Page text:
In Taiwan, under the PRAA, the content of an AD can be altered even after signing. However, the primary emphasis of the promotion is to educate the public on choosing what is known as a good death. Due to the existence of this dedicated law, healthcare professionals involved often lean towards strict adherence to legal requirements, guiding the public to opt for the so-called good death. This, in turn, indirectly influences public thought processes, imposing values on them, and suggesting that a good death is the outcome of both ACP and AD.

Sam-Rong Hwang holds a different perspective. Comparing the varying mindsets of the governments and people in the two countries, he believes that, despite Japan lacking a specialized law like the PRAA and only having administrative guidelines for the Life Meeting formulated by the Ministry of Health, Labour and Welfare, there is an expectation that the Japanese people might be less constrained by legal frameworks, placing greater emphasis on the conversational process. According to Sam-Rong Hwang, the Japanese system may prioritize person-centered practices to a greater extent.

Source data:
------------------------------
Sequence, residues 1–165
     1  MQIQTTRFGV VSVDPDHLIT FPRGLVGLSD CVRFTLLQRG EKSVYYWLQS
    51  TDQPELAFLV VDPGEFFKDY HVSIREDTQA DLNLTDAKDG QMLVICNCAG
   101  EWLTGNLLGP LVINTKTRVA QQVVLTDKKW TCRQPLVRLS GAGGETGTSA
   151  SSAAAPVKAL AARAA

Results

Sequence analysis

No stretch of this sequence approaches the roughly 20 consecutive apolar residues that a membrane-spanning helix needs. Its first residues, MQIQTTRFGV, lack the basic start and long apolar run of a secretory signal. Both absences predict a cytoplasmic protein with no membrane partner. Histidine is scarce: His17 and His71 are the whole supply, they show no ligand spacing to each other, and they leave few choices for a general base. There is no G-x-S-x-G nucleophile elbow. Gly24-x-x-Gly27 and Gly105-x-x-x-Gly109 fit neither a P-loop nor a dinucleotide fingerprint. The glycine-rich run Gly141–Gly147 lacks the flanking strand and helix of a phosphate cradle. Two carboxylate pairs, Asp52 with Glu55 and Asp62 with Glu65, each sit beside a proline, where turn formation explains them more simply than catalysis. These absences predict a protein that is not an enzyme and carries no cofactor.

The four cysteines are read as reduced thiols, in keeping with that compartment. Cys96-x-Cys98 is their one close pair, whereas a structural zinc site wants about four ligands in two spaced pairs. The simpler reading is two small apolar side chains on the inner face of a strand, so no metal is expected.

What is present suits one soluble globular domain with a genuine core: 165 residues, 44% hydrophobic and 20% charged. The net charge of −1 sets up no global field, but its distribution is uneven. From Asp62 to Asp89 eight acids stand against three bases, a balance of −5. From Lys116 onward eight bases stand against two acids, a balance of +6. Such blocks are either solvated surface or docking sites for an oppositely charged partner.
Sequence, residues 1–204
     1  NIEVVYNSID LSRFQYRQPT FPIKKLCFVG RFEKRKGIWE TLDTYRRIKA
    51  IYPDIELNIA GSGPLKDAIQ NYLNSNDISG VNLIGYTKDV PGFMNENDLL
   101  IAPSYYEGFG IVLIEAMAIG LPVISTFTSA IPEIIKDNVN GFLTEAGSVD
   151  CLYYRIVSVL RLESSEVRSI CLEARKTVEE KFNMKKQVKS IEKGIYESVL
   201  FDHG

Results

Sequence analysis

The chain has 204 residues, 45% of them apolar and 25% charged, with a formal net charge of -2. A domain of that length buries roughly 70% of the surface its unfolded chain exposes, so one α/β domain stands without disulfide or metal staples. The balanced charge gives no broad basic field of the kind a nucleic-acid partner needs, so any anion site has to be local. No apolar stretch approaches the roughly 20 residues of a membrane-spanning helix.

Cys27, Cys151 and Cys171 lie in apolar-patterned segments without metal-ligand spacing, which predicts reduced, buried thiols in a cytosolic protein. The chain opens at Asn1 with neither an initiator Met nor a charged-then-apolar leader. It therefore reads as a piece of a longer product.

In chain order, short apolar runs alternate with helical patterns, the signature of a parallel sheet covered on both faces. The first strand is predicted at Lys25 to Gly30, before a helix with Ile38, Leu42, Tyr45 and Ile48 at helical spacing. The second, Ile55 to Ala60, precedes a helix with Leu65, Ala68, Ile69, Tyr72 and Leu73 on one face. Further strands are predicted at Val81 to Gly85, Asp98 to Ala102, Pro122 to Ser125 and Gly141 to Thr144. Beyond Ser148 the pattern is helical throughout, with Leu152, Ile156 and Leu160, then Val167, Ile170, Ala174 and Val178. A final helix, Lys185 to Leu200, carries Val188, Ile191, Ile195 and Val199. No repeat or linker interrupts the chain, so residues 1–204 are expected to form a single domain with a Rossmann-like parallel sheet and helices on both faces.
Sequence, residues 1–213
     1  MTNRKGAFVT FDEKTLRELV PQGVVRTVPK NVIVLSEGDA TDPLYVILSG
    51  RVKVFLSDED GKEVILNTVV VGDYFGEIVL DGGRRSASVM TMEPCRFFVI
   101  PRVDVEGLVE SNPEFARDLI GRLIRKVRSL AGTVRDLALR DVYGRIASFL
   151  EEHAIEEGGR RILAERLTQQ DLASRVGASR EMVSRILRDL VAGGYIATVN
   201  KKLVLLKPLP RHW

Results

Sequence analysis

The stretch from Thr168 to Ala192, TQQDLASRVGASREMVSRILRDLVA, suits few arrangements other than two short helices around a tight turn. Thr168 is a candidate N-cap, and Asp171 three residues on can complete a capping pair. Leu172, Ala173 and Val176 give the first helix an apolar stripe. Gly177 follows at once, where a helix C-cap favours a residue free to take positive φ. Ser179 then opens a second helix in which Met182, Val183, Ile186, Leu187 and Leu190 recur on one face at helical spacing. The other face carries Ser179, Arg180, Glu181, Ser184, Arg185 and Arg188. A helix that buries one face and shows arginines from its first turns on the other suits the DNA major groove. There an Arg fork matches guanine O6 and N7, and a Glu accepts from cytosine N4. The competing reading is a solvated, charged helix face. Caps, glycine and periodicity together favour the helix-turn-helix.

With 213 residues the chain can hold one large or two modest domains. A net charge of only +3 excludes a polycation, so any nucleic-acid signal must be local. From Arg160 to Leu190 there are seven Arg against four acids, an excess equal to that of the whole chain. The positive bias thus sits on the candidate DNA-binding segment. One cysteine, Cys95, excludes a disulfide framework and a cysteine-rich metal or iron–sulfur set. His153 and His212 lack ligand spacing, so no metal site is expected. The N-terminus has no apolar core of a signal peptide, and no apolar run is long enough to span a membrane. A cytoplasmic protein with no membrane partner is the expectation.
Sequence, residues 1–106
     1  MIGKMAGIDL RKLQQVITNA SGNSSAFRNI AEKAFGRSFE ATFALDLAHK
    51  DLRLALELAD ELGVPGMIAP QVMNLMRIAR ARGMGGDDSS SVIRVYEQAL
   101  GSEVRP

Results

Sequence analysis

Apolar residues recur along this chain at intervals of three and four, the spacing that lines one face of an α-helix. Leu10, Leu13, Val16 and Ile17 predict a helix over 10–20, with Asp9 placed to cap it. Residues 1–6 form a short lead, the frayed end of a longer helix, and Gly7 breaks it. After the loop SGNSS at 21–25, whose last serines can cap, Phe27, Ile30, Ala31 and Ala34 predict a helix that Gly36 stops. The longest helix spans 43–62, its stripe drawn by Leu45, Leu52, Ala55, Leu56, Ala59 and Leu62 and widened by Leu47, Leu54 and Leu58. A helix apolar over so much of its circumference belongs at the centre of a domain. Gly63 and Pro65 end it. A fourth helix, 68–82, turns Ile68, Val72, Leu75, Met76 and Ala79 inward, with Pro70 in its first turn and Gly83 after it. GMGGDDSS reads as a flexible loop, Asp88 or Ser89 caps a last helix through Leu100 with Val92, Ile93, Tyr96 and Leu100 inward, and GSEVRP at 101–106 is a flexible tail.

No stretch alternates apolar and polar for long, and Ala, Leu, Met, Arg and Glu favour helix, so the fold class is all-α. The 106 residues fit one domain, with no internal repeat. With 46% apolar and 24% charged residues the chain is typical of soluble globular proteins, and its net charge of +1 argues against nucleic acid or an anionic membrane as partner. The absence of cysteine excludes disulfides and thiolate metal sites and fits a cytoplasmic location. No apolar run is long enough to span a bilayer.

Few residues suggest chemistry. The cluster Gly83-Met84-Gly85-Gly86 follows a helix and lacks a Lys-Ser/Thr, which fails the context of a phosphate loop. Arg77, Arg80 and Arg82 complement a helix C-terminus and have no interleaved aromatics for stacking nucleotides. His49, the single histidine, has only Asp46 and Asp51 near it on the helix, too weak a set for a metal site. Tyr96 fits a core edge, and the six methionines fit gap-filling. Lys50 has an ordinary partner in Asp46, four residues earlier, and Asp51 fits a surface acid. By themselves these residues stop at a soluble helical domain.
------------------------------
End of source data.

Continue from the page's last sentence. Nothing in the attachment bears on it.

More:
Upon further exploration, what constitutes a good death? For the Taiwanese, it appears that a good death entails a peaceful and dignified passing, preserving the integrity of the body—a concept of leaving the body intact. Therefore, encountering life-sustaining medical treatments that inevitably lead to intubation, tracheotomy, or electrocution, causing more or less damage to the body, is not considered a good death. Consequently, in pursuit of a good death, Taiwanese individuals opt to refuse life-sustaining medical treatments during the ACP process. To a certain extent, this aligns with the government's expectations to avoid wasting medical resources and to shield healthcare workers from potential legal disputes.